Last week a group of stakeholders and investors in the Red Meat Profit Partnership (RMPP) met in Wellington to hear more about the successes in the RMPP Primary Growth Partnership, which is half way through its seven year programme.
They also learned more about the RMPP Action Network, an initiative to be rolled out to all sheep and beef farmers later this year.
RMPP Board Chair Malcolm Bailey acknowledged the significant productivity gains the sector has achieved over the past 30 years.
"Yet there is still a huge opportunity to convert this to higher profitability on most farms and that is what RMPP is tasked to help deliver."
Brenda Stewart, who farms a 300ha finishing property with her husband John, just north of Marton, spoke to the crowd about their experience working with RMPP.
"When we were first approached to be a part of the extension pilot project we were a little unsure if it would benefit our business as we were already busy farmers," she said. "When we heard more about the project through RMPP partner, ANZCO, we saw it as the challenge we needed at this stage in our farming careers.
It made us sit up and examine our business critically and see that we had potential to improve production and income.
"One initiative alone saved us approximately $10,000 after we did a whole of farm soil test. This has greatly reduced our fertiliser bill and means fertiliser is only going on the parts of the farm that need it most."
Brenda also touched on her involvement with the RMPP-funded Agri Women's Development Trust Understanding Your Farming Business programme.
Nathan Guy, Minister for Primary Industries, and Malcolm Bailey both spoke about this programme which has been extremely influential in equipping women with the business knowledge, skills and confidence to better engage as vital farming partners.
"The strength of the programme for me was the sharing of knowledge between the participants," Brenda said. "Looking at the big picture of farming as a business partnership where women have plenty to offer and plenty to learn. Decision making, strategic planning, comparing and adjusting KPIs, a whole new language to many women."
Among the speakers was Jane Dewar, Head of the English Department at Hutt International Boys School (HIBS). HIBS was a part of a trial in 2016 looking to put agriculture resources into mainstream subjects such as maths, science and English.
"For us, the resources which have been developed are brilliant," she said. "Everything is there in the resources. They are well thought through and well put together to make it easier for teachers to pick them up and run with them.
"Many rural schools would have been tapped on the shoulder to trial the resources but already had a degree of exposure to the industry and so including urban schools such as ours was really sensible.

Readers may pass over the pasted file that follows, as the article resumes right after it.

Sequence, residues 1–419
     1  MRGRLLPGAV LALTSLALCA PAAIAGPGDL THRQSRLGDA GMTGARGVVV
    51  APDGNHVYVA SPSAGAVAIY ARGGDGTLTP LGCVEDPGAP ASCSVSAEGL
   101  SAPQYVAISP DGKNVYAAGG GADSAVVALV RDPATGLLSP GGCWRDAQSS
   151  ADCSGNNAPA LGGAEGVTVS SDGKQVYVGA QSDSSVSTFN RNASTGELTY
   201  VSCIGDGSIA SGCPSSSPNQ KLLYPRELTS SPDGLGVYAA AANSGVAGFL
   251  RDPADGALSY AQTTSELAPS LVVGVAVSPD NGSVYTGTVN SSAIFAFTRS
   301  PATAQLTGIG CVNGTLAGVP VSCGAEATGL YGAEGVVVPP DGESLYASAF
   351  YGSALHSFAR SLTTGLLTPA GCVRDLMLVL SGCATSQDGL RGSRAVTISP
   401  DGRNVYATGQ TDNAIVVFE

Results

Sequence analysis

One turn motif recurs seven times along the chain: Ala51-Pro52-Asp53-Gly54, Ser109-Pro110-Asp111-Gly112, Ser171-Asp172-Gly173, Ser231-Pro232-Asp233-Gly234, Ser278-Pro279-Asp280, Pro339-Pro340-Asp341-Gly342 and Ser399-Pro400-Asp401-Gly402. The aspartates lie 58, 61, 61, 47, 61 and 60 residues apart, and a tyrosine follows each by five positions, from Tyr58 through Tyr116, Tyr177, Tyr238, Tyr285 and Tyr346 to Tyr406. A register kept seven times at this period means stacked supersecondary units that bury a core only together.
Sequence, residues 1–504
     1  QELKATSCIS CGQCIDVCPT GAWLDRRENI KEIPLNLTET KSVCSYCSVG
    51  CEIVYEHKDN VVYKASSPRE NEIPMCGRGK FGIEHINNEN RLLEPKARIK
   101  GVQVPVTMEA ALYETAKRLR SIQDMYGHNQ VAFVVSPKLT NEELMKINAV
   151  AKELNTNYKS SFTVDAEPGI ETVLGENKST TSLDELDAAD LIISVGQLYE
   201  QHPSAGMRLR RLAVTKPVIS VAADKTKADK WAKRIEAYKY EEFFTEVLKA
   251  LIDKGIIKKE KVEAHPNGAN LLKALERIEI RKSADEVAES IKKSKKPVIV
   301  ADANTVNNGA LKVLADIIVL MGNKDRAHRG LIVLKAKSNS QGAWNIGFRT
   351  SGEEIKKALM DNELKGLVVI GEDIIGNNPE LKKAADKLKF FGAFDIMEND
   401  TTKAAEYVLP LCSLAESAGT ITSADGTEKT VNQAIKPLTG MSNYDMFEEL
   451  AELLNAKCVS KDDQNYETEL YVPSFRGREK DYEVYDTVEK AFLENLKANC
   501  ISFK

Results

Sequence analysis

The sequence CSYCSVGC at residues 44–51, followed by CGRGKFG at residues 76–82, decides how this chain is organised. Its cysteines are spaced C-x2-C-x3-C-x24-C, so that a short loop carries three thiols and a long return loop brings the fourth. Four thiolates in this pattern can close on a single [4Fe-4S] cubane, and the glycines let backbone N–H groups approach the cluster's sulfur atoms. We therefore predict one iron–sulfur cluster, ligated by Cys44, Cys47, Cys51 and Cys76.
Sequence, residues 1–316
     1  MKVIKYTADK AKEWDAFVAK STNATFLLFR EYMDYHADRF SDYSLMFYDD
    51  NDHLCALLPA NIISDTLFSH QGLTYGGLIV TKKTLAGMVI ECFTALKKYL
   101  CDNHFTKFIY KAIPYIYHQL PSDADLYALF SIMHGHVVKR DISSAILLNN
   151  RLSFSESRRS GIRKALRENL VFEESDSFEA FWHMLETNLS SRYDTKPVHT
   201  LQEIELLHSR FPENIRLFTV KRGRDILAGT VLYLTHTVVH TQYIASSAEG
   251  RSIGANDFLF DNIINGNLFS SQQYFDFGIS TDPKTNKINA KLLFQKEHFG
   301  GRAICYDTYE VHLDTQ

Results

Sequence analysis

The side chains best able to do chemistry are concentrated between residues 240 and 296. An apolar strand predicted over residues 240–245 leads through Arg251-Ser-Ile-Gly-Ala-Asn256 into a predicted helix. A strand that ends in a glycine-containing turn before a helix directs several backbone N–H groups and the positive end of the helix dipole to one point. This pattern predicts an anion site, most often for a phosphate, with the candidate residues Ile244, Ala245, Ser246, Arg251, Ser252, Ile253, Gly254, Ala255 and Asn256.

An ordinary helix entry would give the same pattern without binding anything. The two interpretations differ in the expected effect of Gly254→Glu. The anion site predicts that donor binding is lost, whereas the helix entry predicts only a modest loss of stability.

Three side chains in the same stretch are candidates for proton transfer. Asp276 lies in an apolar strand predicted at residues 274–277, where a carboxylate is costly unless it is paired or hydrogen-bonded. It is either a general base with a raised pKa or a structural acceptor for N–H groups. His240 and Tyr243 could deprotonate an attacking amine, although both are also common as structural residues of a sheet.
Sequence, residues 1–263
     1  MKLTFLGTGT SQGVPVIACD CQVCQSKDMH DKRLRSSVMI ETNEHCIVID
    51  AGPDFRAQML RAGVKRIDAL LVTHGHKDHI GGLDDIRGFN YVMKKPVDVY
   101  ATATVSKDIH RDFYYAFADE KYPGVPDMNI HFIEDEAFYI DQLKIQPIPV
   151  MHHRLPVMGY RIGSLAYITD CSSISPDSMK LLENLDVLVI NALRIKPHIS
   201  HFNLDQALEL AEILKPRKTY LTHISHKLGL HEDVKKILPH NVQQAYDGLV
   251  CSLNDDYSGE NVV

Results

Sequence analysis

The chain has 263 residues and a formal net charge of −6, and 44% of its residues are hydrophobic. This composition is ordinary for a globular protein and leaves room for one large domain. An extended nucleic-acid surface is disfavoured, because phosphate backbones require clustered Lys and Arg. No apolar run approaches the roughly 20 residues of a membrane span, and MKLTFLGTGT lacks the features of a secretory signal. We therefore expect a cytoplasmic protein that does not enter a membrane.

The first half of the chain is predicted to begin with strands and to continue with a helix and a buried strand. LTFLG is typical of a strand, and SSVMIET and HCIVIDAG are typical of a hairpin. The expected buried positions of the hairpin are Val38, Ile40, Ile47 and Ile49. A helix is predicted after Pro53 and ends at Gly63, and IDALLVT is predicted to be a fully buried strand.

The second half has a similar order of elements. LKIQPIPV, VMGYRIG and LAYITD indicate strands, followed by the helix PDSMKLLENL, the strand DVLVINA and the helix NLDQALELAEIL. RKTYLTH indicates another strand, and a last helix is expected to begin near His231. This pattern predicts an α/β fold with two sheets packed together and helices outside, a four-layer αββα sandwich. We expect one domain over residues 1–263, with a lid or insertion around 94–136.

"Many of the opportunities for urban students to be exposed to the industry which once existed, exist no longer and this further exacerbates the disconnect. It is so great to see what we in teaching call an authentic context. Something that happens in the 'real world."
The resources have stimulated a whole lot of new thinking in the students, who are now asking lots of questions about agriculture and farming beyond the resources themselves.
"I was staggered with the lack of knowledge of what farming was all about that emerged using the resources," Jane said.
Malcolm noted that 77 secondary schools throughout New Zealand are now registered to use the new resources and they have only been available since early this year.
Mr Guy was enthusiastic about the benefits to the sector through new tools such as the Knowledge Hub, DataLinker and electronic Animal Status Declarations.
" Having one place for our farmers to go find information online is what makes the Knowledge Hub concept so fantastic and I look forward to seeing this launched later this year," he said. "Using DataLinker, farmers only need to input information once and allowing that information to be shared amongst multiple platforms is going to save our farmers time and money.
"Just last week I was in the yards, scratching around for my Animal Status Declaration form. Having it as an electronic option is going to be fantastic and certainly save time."
"Our trials with using an electronic Animal Status Declaration are showing positive results with more than 100,000 stock having gone through our partner Silver Fern Farms, Finegand plant," Malcom said. "This will save both meat processors and farmers time."
The largest project the team is working on is the RMPP Action Network.
This is a culmination of a number of projects and trials that RMPP have been working on in the people and capability, data and systems and extension space.
"We have been really encouraged by the results from our seventy plus pilot farmers and look forward to offering all sheep and beef farmers in New Zealand the opportunity to be involved in the RMPP Action Network," Mr Bailey said. "Farmers learn best from farmers and we know that bringing them together in small groups with experienced facilitators and independent experts is giving them the confidence to make the changes required in order to become more profitable."
The team is working on rolling out the Network with the first groups of farmers starting in the next couple of months.